With just 5% marks in physics, less than 10% in chemistry, and 20-odd per cent in the biology section of the National Eligibility-cum-Entrance Test (NEET), candidates have got admission to medical colleges in the past two years. This was made possible by the “percentile” system under NEET that was supposed to keep non-meritorious students out.
Before NEET was made mandatory in 2016, the cut-offs for admission were 50% marks for the general category, and 40% for the reserved categories. From the 2016 admission year, these were changed to 50th and 40th percentile, respectively, opening the doors to candidates with just 18-20% marks in the NEET aggregate.
Here’s how it happened. In 2015, you needed 50% marks for admission in the general category, so you would have had to score at least 360 out of 720 marks. But in 2016 you only needed to be in the 50th percentile, which meant scoring 145 out of 720, or barely 20%.
The reserved categories needed to be in the 40th percentile, which translated to 118 out of 720, or 16.3% marks. In 2017, this fell further to 131 marks (18.3%) for the general category, and 107 marks (14.8%) for the reserved seats.
This year’s NEET exams, to be held next month, continue with the same percentile cut-offs, so students with less than 20% marks in the entrance exam may be admitted to MBBS courses again.
Percentile measures the proportion of candidates, not scores. Thus, 50th percentile means students with more marks than the bottom half, 90th percentile comprises students with more marks than the bottom 90%, and so on. It does not mean they have 90% marks.
The percentile system not only made low-scoring students eligible to study medicine, it actually got them seats in colleges. TOI found that in 2016, general category students with just 148 marks, or 20.6%, in NEET were admitted to a private college in Uttar Pradesh which is a deemed university. As many as 30 of the 100 students this institution admitted had less than 25% marks in NEET. A Puducherry college admitted 14 students with less than 21% marks, the lowest being 20.1%. Some students admitted in the reserved categories had even lower marks.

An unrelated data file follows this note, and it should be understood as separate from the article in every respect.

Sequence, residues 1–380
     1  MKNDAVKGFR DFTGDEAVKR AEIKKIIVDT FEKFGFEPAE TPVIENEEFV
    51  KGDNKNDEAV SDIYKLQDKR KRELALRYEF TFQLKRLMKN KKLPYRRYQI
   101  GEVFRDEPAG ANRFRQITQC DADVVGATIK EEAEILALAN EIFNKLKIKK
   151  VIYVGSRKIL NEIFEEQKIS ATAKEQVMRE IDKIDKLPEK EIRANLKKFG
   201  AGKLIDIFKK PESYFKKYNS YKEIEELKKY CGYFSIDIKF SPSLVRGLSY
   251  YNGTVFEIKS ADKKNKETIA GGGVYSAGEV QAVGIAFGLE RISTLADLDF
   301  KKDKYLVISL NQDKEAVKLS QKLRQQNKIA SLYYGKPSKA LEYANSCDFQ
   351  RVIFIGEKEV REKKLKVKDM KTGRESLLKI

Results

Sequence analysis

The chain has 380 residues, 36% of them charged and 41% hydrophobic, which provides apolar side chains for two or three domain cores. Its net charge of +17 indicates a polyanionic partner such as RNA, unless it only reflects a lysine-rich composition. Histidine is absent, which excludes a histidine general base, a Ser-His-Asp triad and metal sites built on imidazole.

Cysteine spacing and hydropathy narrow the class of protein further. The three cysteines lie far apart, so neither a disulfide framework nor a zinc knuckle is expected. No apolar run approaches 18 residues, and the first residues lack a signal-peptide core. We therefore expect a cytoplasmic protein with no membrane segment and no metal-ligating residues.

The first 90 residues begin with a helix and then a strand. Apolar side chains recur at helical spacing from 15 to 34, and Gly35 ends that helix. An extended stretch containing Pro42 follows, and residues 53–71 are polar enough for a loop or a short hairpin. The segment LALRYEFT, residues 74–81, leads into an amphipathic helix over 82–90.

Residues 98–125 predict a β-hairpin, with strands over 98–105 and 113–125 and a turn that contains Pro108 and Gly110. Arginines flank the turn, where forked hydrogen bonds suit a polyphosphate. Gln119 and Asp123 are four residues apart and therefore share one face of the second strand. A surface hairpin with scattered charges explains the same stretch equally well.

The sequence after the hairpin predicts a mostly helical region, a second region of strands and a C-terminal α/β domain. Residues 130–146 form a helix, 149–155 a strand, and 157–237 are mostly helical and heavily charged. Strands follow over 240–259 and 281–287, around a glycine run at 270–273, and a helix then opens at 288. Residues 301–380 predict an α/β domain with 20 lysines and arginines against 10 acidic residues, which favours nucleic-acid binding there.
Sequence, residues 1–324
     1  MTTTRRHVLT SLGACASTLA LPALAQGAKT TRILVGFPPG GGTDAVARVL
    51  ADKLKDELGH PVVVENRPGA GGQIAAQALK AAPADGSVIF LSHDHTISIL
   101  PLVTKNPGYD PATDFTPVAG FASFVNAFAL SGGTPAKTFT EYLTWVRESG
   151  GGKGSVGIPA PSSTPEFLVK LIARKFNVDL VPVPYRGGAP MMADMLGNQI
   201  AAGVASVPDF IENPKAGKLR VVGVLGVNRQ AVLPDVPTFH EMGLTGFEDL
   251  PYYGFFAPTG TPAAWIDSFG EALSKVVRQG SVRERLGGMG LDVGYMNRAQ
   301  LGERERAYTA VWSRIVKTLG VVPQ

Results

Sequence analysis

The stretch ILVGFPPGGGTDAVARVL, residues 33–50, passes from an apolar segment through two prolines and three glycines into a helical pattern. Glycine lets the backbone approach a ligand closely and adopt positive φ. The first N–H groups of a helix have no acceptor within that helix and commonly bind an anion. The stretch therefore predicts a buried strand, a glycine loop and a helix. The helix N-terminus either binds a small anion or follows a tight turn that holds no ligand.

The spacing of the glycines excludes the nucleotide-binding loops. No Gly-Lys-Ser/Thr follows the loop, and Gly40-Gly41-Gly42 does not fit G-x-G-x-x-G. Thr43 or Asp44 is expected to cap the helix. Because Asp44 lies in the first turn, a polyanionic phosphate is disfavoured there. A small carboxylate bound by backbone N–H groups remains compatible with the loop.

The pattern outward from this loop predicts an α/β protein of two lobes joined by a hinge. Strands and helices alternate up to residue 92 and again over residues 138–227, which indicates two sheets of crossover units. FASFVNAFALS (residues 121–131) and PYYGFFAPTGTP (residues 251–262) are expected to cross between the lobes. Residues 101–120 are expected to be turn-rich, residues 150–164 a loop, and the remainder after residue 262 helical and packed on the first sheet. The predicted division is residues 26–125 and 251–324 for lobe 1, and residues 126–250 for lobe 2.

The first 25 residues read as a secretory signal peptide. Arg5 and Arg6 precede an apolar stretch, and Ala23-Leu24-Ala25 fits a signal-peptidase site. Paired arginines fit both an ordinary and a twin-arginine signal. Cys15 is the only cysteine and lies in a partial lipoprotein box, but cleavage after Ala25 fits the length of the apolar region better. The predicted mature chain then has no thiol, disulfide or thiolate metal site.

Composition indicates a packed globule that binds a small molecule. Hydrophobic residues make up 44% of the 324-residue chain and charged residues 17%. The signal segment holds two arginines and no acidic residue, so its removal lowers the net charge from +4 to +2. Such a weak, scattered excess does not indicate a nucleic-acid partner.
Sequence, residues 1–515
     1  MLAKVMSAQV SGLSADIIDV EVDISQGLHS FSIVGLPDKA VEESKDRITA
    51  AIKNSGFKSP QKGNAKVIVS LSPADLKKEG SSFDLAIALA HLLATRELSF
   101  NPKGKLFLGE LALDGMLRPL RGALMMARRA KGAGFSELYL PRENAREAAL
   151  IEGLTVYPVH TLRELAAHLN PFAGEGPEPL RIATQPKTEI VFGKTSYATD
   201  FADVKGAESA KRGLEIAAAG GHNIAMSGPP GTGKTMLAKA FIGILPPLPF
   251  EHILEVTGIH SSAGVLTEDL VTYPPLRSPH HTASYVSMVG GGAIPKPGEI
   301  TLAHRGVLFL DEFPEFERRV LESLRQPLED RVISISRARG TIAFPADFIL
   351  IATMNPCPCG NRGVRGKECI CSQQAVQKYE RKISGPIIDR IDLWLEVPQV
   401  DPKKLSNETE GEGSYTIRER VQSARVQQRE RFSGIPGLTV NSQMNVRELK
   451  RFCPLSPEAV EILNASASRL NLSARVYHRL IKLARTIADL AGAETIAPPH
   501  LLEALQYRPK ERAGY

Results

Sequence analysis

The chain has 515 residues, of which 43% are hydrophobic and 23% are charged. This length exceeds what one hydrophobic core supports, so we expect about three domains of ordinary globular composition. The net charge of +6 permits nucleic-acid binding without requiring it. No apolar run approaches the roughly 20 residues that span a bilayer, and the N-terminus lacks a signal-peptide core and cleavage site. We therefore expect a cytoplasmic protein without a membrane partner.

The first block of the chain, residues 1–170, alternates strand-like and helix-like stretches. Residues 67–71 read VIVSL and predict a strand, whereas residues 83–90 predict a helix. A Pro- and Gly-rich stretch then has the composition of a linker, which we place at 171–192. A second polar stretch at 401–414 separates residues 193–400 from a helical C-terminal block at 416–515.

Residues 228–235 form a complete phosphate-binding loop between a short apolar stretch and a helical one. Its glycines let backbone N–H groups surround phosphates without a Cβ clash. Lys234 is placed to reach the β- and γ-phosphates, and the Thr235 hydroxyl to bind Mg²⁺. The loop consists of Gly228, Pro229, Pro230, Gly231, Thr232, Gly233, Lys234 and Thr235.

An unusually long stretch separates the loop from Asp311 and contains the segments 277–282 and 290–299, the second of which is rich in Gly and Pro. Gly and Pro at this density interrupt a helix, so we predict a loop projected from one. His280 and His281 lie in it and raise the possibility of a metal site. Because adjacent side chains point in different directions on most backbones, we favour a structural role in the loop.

The percentile system has played havoc with merit, making it easy for wealthy low-performers to buy seats. Thanks to the low cut-offs last year, 6.1 lakh of the 10.9 lakh NEET candidates qualified for admission, 5.4 lakh of them from the general category. With about 60,000 MBBS seats available across India, there were about 10 eligible students for every seat. A large number of affluent students with poor scores got in as many high-scoring middle class or poor students had to opt out because of the high fees.
In his dissenting note on the parliamentary standing committee’s report regarding the National Medical Commission Bill, Tamil Nadu MP K Kamaraj said NEET had allowed the admission of candidates with such low scores who would probably never have been admitted in pre-NEET days.